DateTimeFormat="\hello, \t\he \da\te i\s dd.MM.yyyy"></hyl:clock>

Client Side

The client side object has 2 methods.

Load uses the window.setInterval method to trigger the Update method every n milliseconds (where n is the update interval property).

this.Load = function()
{
  setInterval('aClockCollection['+this.Index+'].Update()', this.Interval);
}

The Update method then rewrites the inner HTML of the control with the results of the GetDateTime function.

this.Update = function()
{
  var el;
  if(document.getElementById)
  {
    el = document.getElementById(this.ReturnElement);
    el.innerHTML = ''; // Mac IE5.1+ bugfix by Richard Meijer
    el.innerHTML = GetDateTime(this.FormatPattern);
  }
  else if(document.all)
  {
    el = document.all[this.ReturnElement];
    el.innerHTML = GetDateTime(this.FormatPattern);
  }
}

Notice the relative simplicity and elegance when NN4 is totally ignored... anyway, the GetDateTime function creates an array populated with the datetime format characters at the current time:

var d                     = now.getDate();
aFormatPattern['d']       = d;
aFormatPattern['dd']      = (d<=9)?'0'+d:d;
var iDay                  = now.getDay();
aFormatPattern['ddd']     = aDayNames[iDay].substr(0,3);
aFormatPattern['dddd']    = aDayNames[iDay];
var M                     = now.getMonth();
aFormatPattern['MMM']     = aMonthNames[M].substr(0,3);
aFormatPattern['MMMM']    = aMonthNames[M];
M++;
aFormatPattern['M']       = M;
aFormatPattern['MM']      = (M<=9)?'0'+M:M;
var yyyy                  = now.getFullYear();
aFormatPattern['yyyy']    = yyyy;
aFormatPattern['yy']      = (''+yyyy).substring(2);
aFormatPattern['y']       = Math.abs(aFormatPattern['yy']);
aFormatPattern['g']       = sEraName;
var H                     = now.getHours();
aFormatPattern['H']       = H;
aFormatPattern['HH']      = (H<=9)?'0'+H:H;
var h                     = (H>12)?H-12:H;
aFormatPattern['h']       = h;
aFormatPattern['hh']      = (h<=9)?'0'+h:h;
var m                     = now.getMinutes();
aFormatPattern['m']       = m;
aFormatPattern['mm']      = (m<=9)?'0'+m:m;
var s                     = now.getSeconds();
aFormatPattern['s']       = s;
aFormatPattern['ss']      = (s<=9)?'0'+s:s;
var f                     = now.getMilliseconds()+'000000';
aFormatPattern['f']       = f.substr(0,1);
aFormatPattern['ff']      = f.substr(0,2);
aFormatPattern['fff']     = f.substr(0,3);
aFormatPattern['ffff']    = f.substr(0,4);
aFormatPattern['fffff']   = f.substr(0,5);
aFormatPattern['ffffff']  = f.substr(0,6);
aFormatPattern['fffffff'] = f.substr(0,7);
var tt                    = ((H>=0)&&(H<12))?sAMDesignator:sPMDesignator;
aFormatPattern['tt']      = tt;
aFormatPattern['t']       = tt.substr(0,1);
var z                     = now.getISOTimezoneOffset();
aFormatPattern['z']       = z.substr(0,1)+(''+parseInt(z.substr(1,2)));
aFormatPattern['zz']      = z.substr(0,1)+(''+z.substr(1,2));
aFormatPattern['zzz']     = z;

Note that the index of each element is the format character, this will make things a lot easier later on. Also, note the new getISOTimezoneOffset method which extends the native Date object prototype. The JavaScript method getTimezoneOffset just confuses me and appears to be a bit buggy anyway, so this new method returns a timezone offset that matches up with .NET's:

function getISOTimezoneOffset()
{
  var dif  = this.getHours()-this.getUTCHours();
  var hDif = Math.abs(dif);
  var m    = this.getMinutes();
  var mUTC = this.getUTCMinutes();

  if(m!=mUTC&&mUTC<30&&dif<0){ hDif--; }
  if(m!=mUTC&&mUTC>30&&dif>0){ hDif--; }

  return(((dif<0)?'-':'+')+((hDif<10)?'0'+hDif:''+hDif)+':'+((m!=mUTC)?'30':'00'));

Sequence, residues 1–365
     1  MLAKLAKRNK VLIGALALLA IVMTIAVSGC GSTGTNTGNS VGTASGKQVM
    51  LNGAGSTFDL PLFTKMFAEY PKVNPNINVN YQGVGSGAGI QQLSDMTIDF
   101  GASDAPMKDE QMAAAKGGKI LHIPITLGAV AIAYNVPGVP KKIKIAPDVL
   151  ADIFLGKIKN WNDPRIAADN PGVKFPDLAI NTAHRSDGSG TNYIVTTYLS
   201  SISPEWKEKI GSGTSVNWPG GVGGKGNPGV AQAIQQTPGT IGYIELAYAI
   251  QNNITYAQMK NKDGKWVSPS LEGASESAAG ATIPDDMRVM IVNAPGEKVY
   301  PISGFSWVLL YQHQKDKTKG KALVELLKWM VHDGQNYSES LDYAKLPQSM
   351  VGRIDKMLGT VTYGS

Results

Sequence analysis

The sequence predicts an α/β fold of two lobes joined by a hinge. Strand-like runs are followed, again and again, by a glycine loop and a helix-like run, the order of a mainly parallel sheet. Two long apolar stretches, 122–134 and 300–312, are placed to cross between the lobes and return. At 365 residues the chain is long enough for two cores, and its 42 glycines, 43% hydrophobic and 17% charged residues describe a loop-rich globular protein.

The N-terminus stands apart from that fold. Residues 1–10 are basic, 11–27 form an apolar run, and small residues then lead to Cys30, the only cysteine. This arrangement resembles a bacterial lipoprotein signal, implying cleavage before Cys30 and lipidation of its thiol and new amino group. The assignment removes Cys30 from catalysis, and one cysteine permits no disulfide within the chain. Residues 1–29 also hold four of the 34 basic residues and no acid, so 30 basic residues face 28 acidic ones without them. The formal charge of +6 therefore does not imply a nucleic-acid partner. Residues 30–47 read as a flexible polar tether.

}
Date.prototype.getISOTimezoneOffset = getISOTimezoneOffset;

The GetDateTime function takes the clock's format pattern as an argument, so all we need to do now is loop through that, using the elements of the format pattern as the index for the current time format pattern array, building up a return string as we go:

var sBackslash = String.fromCharCode(92);

for(i=0;i<_formatPattern.length;i++)
{
  if(_formatPattern[i].substr(0,1)==sBackslash)
  {
    sRetVal += _formatPattern[i].substring(1);
  }
  else
  {
    sPattern = aFormatPattern[_formatPattern[i]];
    if(typeof(sPattern)!='undefined')
    {
      sRetVal += sPattern;
    }
    else
    {
      sRetVal += _formatPattern[i];
    }
  }
}
return sRetVal;

Notice that we check if the input character has been escaped with a backslash and display it literally if it has.

All that's left to do is initialize the clock(s) on the page in the onload handler:

var aClockCollection = new Array();

function InitClocks()
{
  for(var clockCount=0;clockCount<aClockCollection.length;clockCount++)
  {
    aClockCollection[clockCount].Load();
  }
}

safeAddEventListener(window, 'load', InitClocks, false);

The array aClockCollection holds all the clocks on the page (you may have noticed the reference to it in the Clock object). InitClocks loops through this array and calls the Load method for each one. The function safeAddEventListener is simply a cross browser wrapper utility for triggering methods, and is in the source.

Summary

As I mentioned before, a complete overkill if all you want is a simple clock ticking away, but I have used the FormatPatternSplitter in a couple of other projects and I quite like the simplicity of the .NET format pattern model, so not a complete loss all in all.

Brown Nose

I hope bits (or all!) of this are helpful - this is the first article I've written for Code Project, and I'd have to credit a substantial part of my C# and .NET knowledge to the various articles I have read on it in the last year.

Cheers!

License

This article has no explicit license attached to it but may contain usage terms in the article text or the download files themselves. If in doubt please contact the author via the discussion board below.

A list of licenses authors might use can be found here

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About the Author

bne
Web Developer
United Kingdom United Kingdom
No Biography provided